Mumbai: An ambitious project to convert thousands of tonnes of agricultural waste in the farmlands of northern India into biofuel and thereby lessen Delhi annual affair with toxic air pollution, a serious health hazard, has run into delays.

Several oil marketing companies such Indian Oil Corporation (IOCL), Bharat Petroleum Corporation (BPCL) and Hindustan Petroleum Corporation (HPCL), which had between 2016 and 2017 decided to set up 2G ethanol or bio-refineries, have failed to attain financial closure for the projects, with several lenders citing a recent Reserve Bank of India (RBI) directive that caps single borrower exposure limits by commercial banks.

Over the past few days, Delhi has witnessed a severe deterioration in its air quality, with burning of crop stubble by farmers in neighbouring states emerging as one of the key causes of air pollution. On Monday afternoon, Delhi's air quality index was at 438.

Proposed 2G ethanol plants were to offer a solution to this problem. 2G ethanol is produced using non-edible agricultural waste left over after harvesting. This can include corn cobs, rice straw, and wheat straw, among others, which is converted to cellulose which can later be fermented to form ethanol, which is turn can be blended with conventional fuel.

While IOCL was to set up one bio-refinery each in Haryana and Gujarat, HPCL had decided to set up one in Bathinda and BPCL in Odisha's Bargarh district. "The plan to build these bio-refineries is on but the progress has slowed as despite guarantees from the OMCs for a 100% offtake for 10 years, today the bankers are not releasing the debt funding. For most plants, the permissions are in place but due to paucity of funds, the progress has slowed," said a senior official from one of the companies spoken above.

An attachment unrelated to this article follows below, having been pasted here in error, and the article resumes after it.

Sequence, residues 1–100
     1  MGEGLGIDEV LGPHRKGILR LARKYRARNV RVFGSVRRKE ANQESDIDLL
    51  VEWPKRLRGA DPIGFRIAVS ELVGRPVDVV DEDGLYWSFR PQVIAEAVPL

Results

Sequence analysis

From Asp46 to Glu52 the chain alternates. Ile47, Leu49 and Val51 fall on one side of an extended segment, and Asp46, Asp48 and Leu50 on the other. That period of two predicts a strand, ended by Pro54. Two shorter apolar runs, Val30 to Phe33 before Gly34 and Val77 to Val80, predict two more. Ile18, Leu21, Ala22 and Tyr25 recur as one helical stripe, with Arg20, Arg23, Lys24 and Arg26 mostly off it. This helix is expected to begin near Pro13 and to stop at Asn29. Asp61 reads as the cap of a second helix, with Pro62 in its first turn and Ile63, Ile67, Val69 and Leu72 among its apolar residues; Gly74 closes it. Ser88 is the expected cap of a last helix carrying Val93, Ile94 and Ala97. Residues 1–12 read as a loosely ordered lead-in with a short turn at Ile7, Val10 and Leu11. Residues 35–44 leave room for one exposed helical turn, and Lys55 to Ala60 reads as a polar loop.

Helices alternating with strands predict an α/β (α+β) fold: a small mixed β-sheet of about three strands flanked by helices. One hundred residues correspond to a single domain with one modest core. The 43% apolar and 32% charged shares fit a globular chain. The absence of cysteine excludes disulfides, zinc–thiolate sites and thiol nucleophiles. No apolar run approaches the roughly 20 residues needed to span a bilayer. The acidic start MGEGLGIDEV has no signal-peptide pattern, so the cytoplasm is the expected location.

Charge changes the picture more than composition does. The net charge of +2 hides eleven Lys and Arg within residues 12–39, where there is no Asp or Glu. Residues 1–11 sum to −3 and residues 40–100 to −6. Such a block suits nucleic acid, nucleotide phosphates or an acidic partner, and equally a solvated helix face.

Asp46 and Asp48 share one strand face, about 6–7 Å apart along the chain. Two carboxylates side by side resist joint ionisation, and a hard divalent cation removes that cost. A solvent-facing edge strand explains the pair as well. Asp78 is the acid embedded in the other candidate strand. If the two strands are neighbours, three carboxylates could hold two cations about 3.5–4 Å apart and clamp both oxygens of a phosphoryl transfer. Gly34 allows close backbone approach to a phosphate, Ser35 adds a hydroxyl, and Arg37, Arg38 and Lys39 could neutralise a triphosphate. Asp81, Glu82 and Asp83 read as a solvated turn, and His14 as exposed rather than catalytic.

Emails sent to the OMCs did not elicit any response. Email sent to the ministry of petroleum and natural gas also went unanswered.

These plants were to come up at locations close to farmlands, in order to reduce the costs of transportation of the raw material to the refineries. OMCs planned to set up a blending refinery or depot close to the farmlands. "Our plans to set up these bio-refineries are still in place. It's just that a high capex for us is a constraint in the sense that we would prioritize other projects which need high capex and attention at the moment. Each bio-refinery would need Rs1000 crore while capex for other projects is far higher," said another senior official from an oil marketing company.

Banks, on the other hand, say that while they are not opposed to lending to the oil marketing companies (OMCs), they are bound by a recent RBI directive which caps exposure to single borrower. The RBI’s large exposure framework restricts our exposure to a single borrower to 20% of our capital base," said a senior banker with a large public sector bank.

The RBI regulations, which came into effect on 1 April, also mandate that banks limit their exposure to 25% of their capital for connected parties.

According to the banker quoted above, most large banks, primary lenders to OMCs are close to this ceiling and therefore do not have much headroom. He added that the merger of Oil and Natural Gas Corporation (ONGC) and HPCL last year has resulted in exposures in two separate entities being clubbed as one and therefore shrunk the space for additional lending.

in 2016, the large exposure framework seeks to reduce concentration risk in the banking industry, already saddled with bad loans. It aims to align with the standards on a supervisory framework for measuring and controlling large exposures issued by the Basel Committee on Banking Supervision (BCBS).

government with an aim to reduce crude oil import and contain the oil import bill has been promoting ethanol production for India’s energy security. The new Biofuel Policy 2018 allows the use of other than molasses as feedstock to manufacture ethanol in the country. This includes sugarcane juice, agricultural waste, corn, surplus food grains, among others. The policy has fixed a target of achieving 20% ethanol blending with petrol by 2030. Internally, the government aims to achieve the first milestone of 10% ethanol blending with petrol by 2022.